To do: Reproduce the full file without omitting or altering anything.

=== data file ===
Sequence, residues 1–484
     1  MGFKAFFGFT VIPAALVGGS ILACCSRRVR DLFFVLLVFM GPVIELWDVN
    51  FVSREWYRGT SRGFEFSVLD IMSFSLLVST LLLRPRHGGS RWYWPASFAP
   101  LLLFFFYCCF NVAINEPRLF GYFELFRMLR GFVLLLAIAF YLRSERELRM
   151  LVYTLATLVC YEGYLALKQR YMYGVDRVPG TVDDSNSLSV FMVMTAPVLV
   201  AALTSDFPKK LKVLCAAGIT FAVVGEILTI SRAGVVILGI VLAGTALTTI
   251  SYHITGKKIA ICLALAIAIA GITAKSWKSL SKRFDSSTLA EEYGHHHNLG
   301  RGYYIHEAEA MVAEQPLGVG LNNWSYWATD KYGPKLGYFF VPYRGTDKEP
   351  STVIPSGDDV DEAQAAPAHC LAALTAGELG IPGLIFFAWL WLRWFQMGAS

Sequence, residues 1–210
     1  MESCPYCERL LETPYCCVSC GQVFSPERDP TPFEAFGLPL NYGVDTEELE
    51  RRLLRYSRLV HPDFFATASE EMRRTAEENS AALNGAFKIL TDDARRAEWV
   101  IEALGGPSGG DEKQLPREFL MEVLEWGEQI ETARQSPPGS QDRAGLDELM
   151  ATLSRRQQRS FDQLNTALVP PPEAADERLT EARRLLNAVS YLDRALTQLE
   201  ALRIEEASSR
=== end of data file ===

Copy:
Sequence, residues 1–484
     1  MGFKAFFGFT VIPAALVGGS ILACCSRRVR DLFFVLLVFM GPVIELWDVN
    51  FVSREWYRGT SRGFEFSVLD IMSFSLLVST LLLRPRHGGS RWYWPASFAP
   101  LLLFFFYCCF NVAINEPRLF GYFELFRMLR GFVLLLAIAF YLRSERELRM
   151  LVYTLATLVC YEGYLALKQR YMYGVDRVPG TVDDSNSLSV FMVMTAPVLV
   201  AALTSDFPKK LKVLCAAGIT FAVVGEILTI SRAGVVILGI VLAGTALTTI
   251  SYHITGKKIA ICLALAIAIA GITAKSWKSL SKRFDSSTLA EEYGHHHNLG
   301  RGYYIHEAEA MVAEQPLGVG LNNWSYWATD KYGPKLGYFF VPYRGTDKEP
   351  STVIPSGDDV DEAQAAPAHC LAALTAGELG IPGLIFFAWL WLRWFQMGAS

Sequence, residues 1–210
     1  MESCPYCERL LETPYCCVSC GQVFSPERDP TPFEAFGLPL NYGVDTEELE
    51  RRLLRYSRLV HPDFFATASE EMRRTAEENS AALNGAFKIL TDDARRAEWV
   101  IEALGGPSGG DEKQLPREFL MEVLEWGEQI ETARQSPPGS QDRAGLDELM
   151  ATLSRRQQRS FDQLNTALVP PPEAADERLT EARRLLNAVS YLDRALTQLE
   201  ALRIEEASSR